The other day I was teaching a very nice woman from an international chemical company and we somehow ended up discussing the Brazilian middle class.

In the special edition of the Economist, “The World in 2009”, page 52, article Building on the B in BRIC, president Lula said the Brazilian middle class is [quote] now in a majority, 52% of the population [unquote].

I personally thought the statement outrageous and started some research on what the Brazilian government considers “middle class”.  During my research, I also found out the this very statement caused quite an uproar in Brazilian society.

The FGV (Fundação Getulio Vargas) classifies the middle class as any family with an income above R$1.062. I then stumbled on a debate generated from this controversial statement (see from which I will extract and translate the following:

“At the time this survey was published, Folha de S. Paulo interviewed residents of Vila Kennedy, in the suburbs of Rio. Pensioner João Galdino de Melo, considers that minimum family income for a middle class family should be R$ 4.000 a month. He and his offspring have a joint income of R$ 2.400 and the family considers itself poor.  His children study in private colleges and do not earn enough to pay for their own expenses so he has to use part of his pension of R$ 1.200 to help make ends meet. At home, Galdino has a TV, fridge, cooker, sound system, DVD player and computer. Cable TV and broadband internet are provided by an “illicit” operator. An 18-year-old Fiat Prêmio sits in the garage.”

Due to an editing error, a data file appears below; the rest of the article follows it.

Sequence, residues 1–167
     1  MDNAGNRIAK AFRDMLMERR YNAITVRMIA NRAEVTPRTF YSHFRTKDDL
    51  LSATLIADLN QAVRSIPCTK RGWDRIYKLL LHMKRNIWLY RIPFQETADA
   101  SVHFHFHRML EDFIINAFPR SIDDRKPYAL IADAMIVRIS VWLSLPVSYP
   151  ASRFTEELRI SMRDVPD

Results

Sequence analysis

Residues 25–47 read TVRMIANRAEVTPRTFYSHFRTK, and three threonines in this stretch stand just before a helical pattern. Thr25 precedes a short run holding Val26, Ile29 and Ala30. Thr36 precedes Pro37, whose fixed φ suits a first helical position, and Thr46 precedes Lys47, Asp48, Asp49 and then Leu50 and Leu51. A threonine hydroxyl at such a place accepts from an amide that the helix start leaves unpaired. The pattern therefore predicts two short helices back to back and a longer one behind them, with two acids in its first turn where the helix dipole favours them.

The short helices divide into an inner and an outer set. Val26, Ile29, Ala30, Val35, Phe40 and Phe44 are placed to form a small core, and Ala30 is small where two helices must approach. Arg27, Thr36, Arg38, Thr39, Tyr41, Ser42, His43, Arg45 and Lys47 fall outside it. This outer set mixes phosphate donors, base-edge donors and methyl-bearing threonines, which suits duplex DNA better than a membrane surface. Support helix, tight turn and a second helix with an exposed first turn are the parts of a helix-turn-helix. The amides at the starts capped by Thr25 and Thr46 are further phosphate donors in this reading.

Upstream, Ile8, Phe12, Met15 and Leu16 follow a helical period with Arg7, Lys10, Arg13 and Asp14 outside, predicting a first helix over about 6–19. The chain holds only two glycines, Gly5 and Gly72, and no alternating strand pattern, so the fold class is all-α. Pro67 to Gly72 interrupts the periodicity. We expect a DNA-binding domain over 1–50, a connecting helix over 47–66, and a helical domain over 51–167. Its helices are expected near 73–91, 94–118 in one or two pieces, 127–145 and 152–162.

Even ex-employee of Petrobras José Camilo Neves, with a pension of R$ 3.400 month scoffs at the idea of being “middle class”, with 5 people at home depending on his income. He also complains that there is never enough left for leisure and that he lives on a road without proper paving that, until recently, still had open-air sewage.”

So what is middle class in Brazil?
10%, offered my student, not more than that.
Are you middle class? I asked her.
Yes, she said. I live in a secured condo and have a stable job.
So rich would be someone that owns a company, right?
Right, we agreed.

My student then made a very healthy and illustrative comparison with the French middle class. In France, the middle class depends on public services such as health care and education, and they all have their own homes and at least one car. Tax load is 45% of their income, which is the same as in Brazil, but they can actually depend on these services.

In Brazil, on the other hand, a family with a middle class income also has to cover schooling for all the kids and healthcare plans for the entire family, as most wouldn´t be caught dead using public education and health services (and rightly so).